Wins for Kids in Biden’s First Executive Orders

Posted on January 25, 2021

In his first actions in the White House, President Biden signed a number of executive orders, many of which will have impacts on New Jersey children, such as climate change, the COVID-19 health care crisis and race equity. You can review these fully at the White House presidential actions page.

In particular, the following orders below reflect proposals ACNJ has advocated in favor of:

    • Full census count regardless of citizenship status. The Biden administration has affirmed longstanding law that Congressional representation will be divided among states based on the total number of persons living there counted by the census, regardless of citizenship status. The Biden administration also revoked previous administration orders that citizenship status be included in "apportionment" counts. Children deserve fair representation in our political system.


    • Preserving and fortifying Deferred Action for Childhood Arrivals (DACA). The Biden administration issued a short order, that requires the Department of Homeland Security to take "all appropriate actions" to preserve and fortify DACA, which de-prioritizes immigration enforcement against certain undocumented immigrants who were brought to the United States as children, have obeyed the law, and stayed in school or enlisted in the military.ACNJ will continue to keep you informed of changes to federal law that affect New Jersey's kids. These orders are a step in the right direction.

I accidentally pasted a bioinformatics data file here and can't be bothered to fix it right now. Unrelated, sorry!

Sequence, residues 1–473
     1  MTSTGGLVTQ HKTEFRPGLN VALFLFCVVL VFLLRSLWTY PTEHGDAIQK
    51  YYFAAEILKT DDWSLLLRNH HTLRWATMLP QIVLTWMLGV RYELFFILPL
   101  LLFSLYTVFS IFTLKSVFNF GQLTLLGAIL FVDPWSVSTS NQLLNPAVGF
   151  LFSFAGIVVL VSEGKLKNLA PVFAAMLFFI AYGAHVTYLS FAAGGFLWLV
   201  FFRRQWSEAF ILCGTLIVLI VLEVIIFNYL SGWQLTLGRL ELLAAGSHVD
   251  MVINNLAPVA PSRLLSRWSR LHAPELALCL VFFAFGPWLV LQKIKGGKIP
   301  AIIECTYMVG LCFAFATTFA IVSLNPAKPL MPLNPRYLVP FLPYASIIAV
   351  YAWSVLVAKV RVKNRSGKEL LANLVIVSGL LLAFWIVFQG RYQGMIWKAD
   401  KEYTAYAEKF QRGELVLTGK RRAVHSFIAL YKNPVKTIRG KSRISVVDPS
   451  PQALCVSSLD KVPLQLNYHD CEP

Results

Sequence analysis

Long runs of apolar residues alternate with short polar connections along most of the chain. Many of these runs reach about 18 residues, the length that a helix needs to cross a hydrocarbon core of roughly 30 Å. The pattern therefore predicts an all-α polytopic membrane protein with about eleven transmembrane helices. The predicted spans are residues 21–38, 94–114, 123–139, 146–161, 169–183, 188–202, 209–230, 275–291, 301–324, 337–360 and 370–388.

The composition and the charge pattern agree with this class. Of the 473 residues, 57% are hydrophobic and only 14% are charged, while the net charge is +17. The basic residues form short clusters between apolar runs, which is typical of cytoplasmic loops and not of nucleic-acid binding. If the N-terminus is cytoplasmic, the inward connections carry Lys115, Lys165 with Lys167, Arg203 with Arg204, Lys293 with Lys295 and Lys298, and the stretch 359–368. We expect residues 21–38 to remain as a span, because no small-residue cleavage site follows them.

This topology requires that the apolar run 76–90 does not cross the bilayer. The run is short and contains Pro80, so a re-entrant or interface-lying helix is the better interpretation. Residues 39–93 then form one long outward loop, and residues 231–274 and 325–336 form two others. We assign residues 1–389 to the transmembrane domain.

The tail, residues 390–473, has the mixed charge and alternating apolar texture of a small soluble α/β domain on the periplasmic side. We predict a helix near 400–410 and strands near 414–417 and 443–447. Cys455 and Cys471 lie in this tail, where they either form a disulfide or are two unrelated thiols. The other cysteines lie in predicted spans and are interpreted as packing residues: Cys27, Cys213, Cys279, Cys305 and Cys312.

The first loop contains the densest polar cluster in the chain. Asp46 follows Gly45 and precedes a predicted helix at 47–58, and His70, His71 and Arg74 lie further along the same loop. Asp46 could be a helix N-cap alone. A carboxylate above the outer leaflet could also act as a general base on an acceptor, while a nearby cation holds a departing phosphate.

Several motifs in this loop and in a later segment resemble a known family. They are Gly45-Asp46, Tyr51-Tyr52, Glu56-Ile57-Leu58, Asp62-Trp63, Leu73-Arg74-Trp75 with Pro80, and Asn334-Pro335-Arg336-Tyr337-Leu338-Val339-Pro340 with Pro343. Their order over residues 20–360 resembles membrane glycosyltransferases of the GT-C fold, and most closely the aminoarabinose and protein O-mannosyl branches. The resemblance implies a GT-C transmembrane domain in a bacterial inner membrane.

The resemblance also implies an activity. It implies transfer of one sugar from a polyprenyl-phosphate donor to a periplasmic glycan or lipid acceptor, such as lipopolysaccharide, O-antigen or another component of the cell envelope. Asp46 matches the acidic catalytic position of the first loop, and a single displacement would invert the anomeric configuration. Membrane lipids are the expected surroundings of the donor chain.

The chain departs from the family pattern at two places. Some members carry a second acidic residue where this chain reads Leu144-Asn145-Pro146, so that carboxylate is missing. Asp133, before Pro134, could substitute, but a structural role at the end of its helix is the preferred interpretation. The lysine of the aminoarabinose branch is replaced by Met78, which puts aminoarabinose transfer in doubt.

• Address the growing hunger Crisis. President Biden is calling on Congress to extend the 15 percent Supplemental Nutrition Assistance Program (SNAP) benefit increase, investing $3 billion to help women, infants and children get the food they need and other key steps. The President is also asking the U.S. Department of Agriculture (USDA) to consider taking the following steps to provide nutrition assistance to working families, including to: 
      • Issue new guidance increasing the Pandemic Electronic Benefits Transfer (P-EBT) by approximately 15 percent to accurately reflect the costs of missing meals and make it easier for households to claim benefits. 
      • Allow larger emergency SNAP allotments for the lowest-income households. 
      • Update food assistance benefits to reflect the true cost of a basic healthy diet under the USDA’s Thrifty Food Plan.